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October 23, 2014

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Location of geothermal plant in BC gets planners’ OK

A 250-megawatt geothermic power plant proposed in Boulder City on the south end of town near the Western Area Power Administration substation cleared another hurdle Wednesday when the Planning Commission approved the city-owned site for the plant’s use.

The vote was 5-2, with Planning Commissioners Cokie Booth and Paul Matuska opposed.

Geothermic Solution LLC still has many more hurdles to cross before it can begin construction on the 25-acre parcel south of Buchanan Boulevard, which is about three-quarters of a mile from the nearest homes.

Because Geothermic Solution is proposing to lease the land from the city, the parcel has to be included in the city’s Land Management Plan. The City Council approved the use in concept March 10 and sent it to the Planning Commission to determine whether the use is appropriate for the site.

Geothermic Solution Executive Vice President Kirk Harrison told commissioners that the $500 million project would be unlike most power plants. It would require no cooling towers and have no steam above ground. The heat harvesting system would be completely below ground, and all that would be on the surface is an unobtrusive two-story building, he said.

The closed-loop liquid system would use little water, produce no smell and have no above-ground transmission lines. A connection to the WAPA substation to send the electricity into the grid would be underground, Harrison said.

It would be the Las Vegas-based company’s first plant, but Geothermic Solution plans to build many more, possibly in the middle of urban areas, he said.

Several residents in the neighborhoods near Buchanan Boulevard and Georgia Avenue said they love the idea but not the location. They asked why the plant could not be moved to the Eldorado Valley near two existing solar plants. There is a third solar plant in the works in that area.

The problem, city planner Susan Danielewicz said, is that the city charter restricts uses on the Eldorado Valley land, and those uses do not include geothermal power, only solar. A question on the June ballot seeks to change the charter to include geothermal, but it must be passed by voters in two consecutive elections to become law.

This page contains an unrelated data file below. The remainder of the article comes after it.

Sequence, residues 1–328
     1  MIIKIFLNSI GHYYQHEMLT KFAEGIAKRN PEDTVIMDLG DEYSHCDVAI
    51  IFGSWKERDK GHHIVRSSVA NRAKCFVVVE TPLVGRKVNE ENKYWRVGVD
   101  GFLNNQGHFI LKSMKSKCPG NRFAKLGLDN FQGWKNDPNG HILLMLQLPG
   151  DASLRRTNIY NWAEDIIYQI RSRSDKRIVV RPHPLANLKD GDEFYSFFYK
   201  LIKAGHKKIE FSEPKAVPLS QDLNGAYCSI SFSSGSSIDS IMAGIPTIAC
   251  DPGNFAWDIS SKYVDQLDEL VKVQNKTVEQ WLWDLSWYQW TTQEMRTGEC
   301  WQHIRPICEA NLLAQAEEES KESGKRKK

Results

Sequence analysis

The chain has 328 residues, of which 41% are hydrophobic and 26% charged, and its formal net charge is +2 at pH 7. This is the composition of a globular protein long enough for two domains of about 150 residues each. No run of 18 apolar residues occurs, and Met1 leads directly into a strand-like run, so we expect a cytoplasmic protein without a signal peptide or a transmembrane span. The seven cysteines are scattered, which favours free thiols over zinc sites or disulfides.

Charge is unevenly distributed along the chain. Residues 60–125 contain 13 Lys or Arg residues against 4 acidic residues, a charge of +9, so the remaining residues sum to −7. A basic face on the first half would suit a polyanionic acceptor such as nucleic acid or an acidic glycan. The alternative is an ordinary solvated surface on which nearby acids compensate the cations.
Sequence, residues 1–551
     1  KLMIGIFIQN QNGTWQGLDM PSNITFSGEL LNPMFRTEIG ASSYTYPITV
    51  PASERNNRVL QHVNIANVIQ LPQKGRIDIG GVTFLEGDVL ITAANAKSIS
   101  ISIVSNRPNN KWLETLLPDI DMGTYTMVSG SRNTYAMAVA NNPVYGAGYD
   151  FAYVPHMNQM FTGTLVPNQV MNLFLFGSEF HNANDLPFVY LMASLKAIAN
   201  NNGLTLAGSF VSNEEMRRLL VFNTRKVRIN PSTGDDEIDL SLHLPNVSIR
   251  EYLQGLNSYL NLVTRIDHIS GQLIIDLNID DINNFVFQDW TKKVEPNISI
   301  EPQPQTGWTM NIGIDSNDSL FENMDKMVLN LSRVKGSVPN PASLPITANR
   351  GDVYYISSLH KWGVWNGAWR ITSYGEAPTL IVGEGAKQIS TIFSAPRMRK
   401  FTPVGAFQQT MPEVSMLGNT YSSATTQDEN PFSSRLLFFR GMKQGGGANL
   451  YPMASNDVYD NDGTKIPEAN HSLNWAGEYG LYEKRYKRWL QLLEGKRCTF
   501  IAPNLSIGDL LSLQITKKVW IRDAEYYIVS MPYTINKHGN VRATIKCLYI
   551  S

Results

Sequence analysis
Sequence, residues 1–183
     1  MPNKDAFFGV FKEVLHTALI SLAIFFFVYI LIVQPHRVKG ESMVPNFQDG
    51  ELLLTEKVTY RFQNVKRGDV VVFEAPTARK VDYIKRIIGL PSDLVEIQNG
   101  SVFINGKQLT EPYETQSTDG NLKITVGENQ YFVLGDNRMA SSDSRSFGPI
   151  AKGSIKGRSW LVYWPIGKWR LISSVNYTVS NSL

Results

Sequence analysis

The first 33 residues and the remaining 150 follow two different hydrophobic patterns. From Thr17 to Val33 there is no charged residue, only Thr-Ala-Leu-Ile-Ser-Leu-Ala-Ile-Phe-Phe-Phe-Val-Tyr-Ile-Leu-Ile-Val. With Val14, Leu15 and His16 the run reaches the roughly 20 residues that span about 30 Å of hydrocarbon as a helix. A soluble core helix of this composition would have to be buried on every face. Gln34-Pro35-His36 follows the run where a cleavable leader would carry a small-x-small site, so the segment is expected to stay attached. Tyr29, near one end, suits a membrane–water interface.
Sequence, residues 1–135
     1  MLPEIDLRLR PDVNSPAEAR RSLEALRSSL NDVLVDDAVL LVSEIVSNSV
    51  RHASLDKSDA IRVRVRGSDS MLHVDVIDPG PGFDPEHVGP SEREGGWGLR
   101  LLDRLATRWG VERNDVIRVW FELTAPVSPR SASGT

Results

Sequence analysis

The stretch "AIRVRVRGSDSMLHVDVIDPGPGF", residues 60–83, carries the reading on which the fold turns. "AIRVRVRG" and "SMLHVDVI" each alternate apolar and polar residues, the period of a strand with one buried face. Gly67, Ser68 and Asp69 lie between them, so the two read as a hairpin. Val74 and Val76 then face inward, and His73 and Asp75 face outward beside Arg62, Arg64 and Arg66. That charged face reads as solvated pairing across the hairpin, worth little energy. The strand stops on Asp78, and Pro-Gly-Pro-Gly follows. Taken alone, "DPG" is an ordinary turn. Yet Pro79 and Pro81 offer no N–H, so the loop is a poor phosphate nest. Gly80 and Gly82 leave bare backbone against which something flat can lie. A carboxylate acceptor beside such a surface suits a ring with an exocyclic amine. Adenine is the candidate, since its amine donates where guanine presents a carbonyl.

Gary Compton, who lives on Georgia Avenue, said the area south of Buchanan is currently used by neighbors to walk their dogs, ride horses and drive all-terrain vehicles.

“It’s predominantly a recreation use by a wide variety of people,” he said. “For Georgia residents, that’s their solitude.”

Jayne Harkins, who lives on Broadmoor, noted that the road to the WAPA substation is “one gully wash rain from being lost” and the road and water line might need to be replaced with heavier use.

“The city has acres and acres of vacant land that can be used,” Harkins said.

Booth said she would like to see the project moved into the energy zone, but Commissioner Brad Benson, in moving to recommend the use, noted that houses, at three-quarters of a mile away, are far from the project.

Commissioner Bill Bruninga said the infrastructure to the geothermal plant is much less than that for solar or fossil fuel power and would make a “minor impact.”

The City Council will consider the Planning Commission’s recommendation in May.

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